The 5 most critical things to focus on this year
Last year will go down as pivotal for AdTech for many reasons. But for both technical AdTech professionals and the CMO’s of large brands, digital advertising will operate in a very different way in 2021. I wanted to pick out 5 core things that everyone should be preparing for in 2021.
1. Changes to data legislation are just warming up
The impact of data legislation and how data is handled in a privacy first manner should not be underestimated. GDPR had a colossal impact on certain vendors in Europe when it first came out in 2018, but the main trend we to strengthen the walled garden proposition. California Consumer Privacy Act (CCPA) on the other hand brought an idea of what this would look like in the USA, all be it at a much less strict level.
But this is not the end, there is a lot more to come for the rest of the world. Throughout 2020 we saw other countries follow with similar legislation, such as Brazil’s General Data Protection Law (LGPD). More will follow suit as data is such a crucial asset now. But key questions remain over where the US is going with CPRA, the upgraded form of CCPA. Not to mention the upcoming ePrivacy regulation in Europe, which equates to a pumped-up version of GDPR.
I have recently surveyed a lot of the largest brands in the world from a London IP address. Rarely do any actually provide consent frameworks that work without doing something sneaky with network calls.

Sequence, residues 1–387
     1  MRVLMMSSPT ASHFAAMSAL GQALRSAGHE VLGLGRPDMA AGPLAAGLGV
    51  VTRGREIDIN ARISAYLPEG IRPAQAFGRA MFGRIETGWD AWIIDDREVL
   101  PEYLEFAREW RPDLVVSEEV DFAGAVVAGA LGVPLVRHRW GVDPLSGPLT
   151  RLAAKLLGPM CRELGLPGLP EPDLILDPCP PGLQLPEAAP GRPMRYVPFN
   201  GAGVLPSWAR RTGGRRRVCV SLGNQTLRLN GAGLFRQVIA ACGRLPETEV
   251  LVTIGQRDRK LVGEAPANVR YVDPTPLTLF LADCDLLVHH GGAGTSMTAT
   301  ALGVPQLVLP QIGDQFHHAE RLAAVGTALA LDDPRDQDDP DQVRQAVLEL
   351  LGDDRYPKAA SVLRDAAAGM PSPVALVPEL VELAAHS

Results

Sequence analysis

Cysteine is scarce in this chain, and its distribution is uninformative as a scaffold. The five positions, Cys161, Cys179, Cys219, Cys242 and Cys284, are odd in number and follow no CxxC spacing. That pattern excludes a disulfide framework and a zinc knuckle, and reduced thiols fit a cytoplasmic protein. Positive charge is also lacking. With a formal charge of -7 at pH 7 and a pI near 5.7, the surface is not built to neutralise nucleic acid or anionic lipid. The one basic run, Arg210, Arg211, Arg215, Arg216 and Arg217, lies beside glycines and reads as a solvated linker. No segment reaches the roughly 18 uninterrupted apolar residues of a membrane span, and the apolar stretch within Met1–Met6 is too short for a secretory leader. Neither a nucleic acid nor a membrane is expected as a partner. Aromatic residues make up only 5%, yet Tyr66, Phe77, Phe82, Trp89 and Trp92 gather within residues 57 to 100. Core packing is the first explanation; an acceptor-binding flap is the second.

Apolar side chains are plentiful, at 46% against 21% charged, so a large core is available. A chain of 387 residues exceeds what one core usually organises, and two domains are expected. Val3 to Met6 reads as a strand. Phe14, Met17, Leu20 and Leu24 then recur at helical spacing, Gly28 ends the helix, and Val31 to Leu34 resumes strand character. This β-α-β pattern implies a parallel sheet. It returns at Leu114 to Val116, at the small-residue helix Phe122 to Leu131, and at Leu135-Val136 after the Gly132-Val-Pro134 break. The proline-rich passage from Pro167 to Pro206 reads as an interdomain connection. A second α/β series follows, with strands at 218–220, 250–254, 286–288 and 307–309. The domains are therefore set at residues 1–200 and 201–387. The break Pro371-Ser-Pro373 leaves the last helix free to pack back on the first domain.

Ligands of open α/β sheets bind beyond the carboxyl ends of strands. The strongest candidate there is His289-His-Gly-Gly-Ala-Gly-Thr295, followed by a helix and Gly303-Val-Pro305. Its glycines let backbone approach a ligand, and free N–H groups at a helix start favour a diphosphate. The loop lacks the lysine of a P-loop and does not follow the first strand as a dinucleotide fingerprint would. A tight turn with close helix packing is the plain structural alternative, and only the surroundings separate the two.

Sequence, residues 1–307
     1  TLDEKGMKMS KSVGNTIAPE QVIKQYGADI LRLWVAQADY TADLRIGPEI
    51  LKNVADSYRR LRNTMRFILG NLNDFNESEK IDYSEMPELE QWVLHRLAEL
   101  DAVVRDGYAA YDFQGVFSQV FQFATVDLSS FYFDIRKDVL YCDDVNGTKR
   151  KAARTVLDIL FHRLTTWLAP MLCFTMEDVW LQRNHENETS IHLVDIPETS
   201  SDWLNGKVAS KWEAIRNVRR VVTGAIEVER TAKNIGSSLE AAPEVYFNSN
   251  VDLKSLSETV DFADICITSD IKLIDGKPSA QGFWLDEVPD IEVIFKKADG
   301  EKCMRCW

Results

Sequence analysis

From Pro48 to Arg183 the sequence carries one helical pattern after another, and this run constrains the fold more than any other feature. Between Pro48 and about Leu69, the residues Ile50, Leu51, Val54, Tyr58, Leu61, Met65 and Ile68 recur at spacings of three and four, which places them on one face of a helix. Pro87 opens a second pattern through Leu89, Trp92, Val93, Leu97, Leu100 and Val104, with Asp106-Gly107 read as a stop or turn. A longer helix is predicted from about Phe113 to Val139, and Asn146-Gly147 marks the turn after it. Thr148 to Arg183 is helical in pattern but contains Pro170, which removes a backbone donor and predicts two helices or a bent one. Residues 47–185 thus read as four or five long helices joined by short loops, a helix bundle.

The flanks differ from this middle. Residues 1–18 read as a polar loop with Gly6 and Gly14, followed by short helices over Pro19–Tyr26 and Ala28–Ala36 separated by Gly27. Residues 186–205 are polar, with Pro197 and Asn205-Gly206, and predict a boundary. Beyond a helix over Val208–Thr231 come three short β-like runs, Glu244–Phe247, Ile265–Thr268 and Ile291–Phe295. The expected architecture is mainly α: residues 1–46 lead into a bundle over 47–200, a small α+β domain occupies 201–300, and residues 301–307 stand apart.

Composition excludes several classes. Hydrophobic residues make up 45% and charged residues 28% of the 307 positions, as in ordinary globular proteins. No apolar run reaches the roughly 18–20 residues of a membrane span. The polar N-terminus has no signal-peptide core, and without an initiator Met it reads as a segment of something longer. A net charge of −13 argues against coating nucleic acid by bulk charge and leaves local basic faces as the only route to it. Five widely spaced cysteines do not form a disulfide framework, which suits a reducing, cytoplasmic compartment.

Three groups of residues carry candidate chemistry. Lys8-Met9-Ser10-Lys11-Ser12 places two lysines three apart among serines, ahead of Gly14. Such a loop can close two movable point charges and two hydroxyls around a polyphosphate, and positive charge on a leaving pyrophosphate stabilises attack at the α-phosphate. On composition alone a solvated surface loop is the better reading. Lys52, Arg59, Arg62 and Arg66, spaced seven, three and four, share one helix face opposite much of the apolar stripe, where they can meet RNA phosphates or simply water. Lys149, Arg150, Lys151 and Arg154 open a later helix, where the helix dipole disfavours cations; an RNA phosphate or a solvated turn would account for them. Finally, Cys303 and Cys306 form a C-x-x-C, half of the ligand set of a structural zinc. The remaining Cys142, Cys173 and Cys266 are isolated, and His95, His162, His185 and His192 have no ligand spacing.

Figure 1: Snippet of information checking consent mechanisms of websites
But why should marketers worry about obeying the letter of the law on consent, aside from the obvious preventing of fines that could derail your business? Well, those that implement consent properly will notice the restrictions it places on advertising campaigns. Whether that is the reduced ability to remarket to website visitors or more importantly for some, the problems in measuring success. If you suddenly cannot track between 10-50% of users because they do not consent, imagine the implications for performance data. Whilst performing a YoY analysis becomes impossible.
How to implement consent properly on web is a topic for another time, but it is good to see that Google have released their Consent Mode to Google Tag Manager as a tool to solve the above issue.
2. Measurement & Attribution will need to evolve
To say it has been a challenging year to measure the success of digital ads using traditional methods is an understatement. For the large majority, the reliance on cookies (both 3rd & 1st party) as well as device ID’s (IDFA / AAID) is fundamental to Multi-Touch Attribution. Google signalled their intentions by lighting the fuse on the death of the 3rd party cookie in Chrome by 2022. Whilst Apple decided to follow suit at a faster pace with opt-in consent for IDFA scheduled for early 2021. Something Facebook are now publicly battling.